Simulacra and Science Fiction

Patrick Nagle, English 65, The Cyborg Self, Brown University (Fall 2006)

Jean Baudrillard, in his essay "Simulacra and Science Fiction," describes three orders of simulacra:

simulacra that are natural, naturalist, founded on the image, on imitation and counterfeit, that are harmonious, optimistic, and that aim for the restitution or the ideal institution of nature made in God's image;

simulacra that are productive, productivist, founded on energy, force, its materialization by the machine and in the whole system of production — a Promethian aim of a continuous globalization and expansion, of an indefinite liberation of energy (desire belongs to the utopias related to this order of simulacra);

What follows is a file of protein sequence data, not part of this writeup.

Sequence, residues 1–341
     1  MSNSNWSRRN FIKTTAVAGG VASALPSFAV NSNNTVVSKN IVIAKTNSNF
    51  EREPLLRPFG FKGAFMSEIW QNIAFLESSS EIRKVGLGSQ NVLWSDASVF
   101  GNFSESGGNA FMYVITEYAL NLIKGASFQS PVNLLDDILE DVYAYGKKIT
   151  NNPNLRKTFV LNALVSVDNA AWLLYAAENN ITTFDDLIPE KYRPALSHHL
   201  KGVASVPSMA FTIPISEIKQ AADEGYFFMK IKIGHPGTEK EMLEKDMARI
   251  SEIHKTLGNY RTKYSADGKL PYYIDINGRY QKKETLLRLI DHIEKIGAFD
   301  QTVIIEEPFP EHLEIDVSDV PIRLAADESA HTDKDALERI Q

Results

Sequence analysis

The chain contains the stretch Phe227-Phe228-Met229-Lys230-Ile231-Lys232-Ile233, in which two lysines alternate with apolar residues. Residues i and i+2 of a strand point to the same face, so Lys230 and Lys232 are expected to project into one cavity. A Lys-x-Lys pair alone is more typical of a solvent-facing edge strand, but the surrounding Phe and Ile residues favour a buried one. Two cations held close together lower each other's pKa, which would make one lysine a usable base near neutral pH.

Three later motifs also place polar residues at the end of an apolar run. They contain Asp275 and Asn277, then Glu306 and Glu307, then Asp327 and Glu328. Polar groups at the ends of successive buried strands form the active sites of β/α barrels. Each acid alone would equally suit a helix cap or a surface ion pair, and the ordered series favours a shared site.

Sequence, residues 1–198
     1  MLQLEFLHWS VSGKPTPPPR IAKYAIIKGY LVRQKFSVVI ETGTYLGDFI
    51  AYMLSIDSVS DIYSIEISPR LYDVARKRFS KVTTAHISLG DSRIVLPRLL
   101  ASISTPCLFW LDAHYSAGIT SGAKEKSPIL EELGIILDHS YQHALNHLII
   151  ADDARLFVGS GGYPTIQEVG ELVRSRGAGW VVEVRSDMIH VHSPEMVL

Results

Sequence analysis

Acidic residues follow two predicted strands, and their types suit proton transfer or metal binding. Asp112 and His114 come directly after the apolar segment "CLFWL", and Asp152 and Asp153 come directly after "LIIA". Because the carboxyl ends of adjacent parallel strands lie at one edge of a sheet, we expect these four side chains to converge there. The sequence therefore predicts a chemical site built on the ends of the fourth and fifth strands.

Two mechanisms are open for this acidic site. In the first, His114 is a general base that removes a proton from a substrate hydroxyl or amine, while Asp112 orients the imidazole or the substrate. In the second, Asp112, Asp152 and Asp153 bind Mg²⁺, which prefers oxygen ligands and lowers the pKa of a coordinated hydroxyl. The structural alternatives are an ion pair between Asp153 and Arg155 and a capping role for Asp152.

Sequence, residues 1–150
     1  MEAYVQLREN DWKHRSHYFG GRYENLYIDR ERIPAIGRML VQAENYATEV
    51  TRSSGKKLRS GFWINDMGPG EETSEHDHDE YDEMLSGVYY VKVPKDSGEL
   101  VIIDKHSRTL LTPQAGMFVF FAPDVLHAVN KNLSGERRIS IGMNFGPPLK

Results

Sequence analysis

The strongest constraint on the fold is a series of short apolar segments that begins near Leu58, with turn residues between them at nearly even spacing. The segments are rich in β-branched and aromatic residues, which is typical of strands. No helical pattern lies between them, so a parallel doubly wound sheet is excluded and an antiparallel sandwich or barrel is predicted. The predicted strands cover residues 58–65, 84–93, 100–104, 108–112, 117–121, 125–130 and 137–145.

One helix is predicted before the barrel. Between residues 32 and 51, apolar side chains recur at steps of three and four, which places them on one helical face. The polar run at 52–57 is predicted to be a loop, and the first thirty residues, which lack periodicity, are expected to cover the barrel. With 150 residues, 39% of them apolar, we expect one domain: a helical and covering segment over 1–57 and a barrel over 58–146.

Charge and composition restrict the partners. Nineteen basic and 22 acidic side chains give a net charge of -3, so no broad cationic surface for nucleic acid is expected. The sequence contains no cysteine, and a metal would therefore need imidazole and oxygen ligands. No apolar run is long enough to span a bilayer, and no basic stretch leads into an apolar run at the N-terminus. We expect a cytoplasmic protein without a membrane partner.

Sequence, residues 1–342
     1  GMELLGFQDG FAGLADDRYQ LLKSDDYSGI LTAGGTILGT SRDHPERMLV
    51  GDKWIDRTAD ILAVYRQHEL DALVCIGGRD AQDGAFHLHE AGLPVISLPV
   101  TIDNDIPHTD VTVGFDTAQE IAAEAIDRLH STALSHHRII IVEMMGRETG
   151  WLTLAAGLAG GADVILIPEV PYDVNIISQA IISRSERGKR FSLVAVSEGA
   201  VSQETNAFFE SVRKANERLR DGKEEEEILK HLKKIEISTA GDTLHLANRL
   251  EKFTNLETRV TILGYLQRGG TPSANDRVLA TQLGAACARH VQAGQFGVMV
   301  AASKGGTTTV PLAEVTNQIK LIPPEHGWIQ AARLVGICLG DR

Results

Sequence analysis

simulacra of simulation, founded on information, the model, the cybernetic game — total operationality, hyperreality, aim of total control (121).

He says that the second is the order of traditional science fiction, and the third has yet to develop a corresponding literary form. Cyberpunk fiction is a likely contender because it depicts vast global networks of information, exchange, and control, creates a postmodern pastiche of different cultures and beliefs, and constantly questions the shifting nature of identity.


Works Cited

Last modified 18 December 2006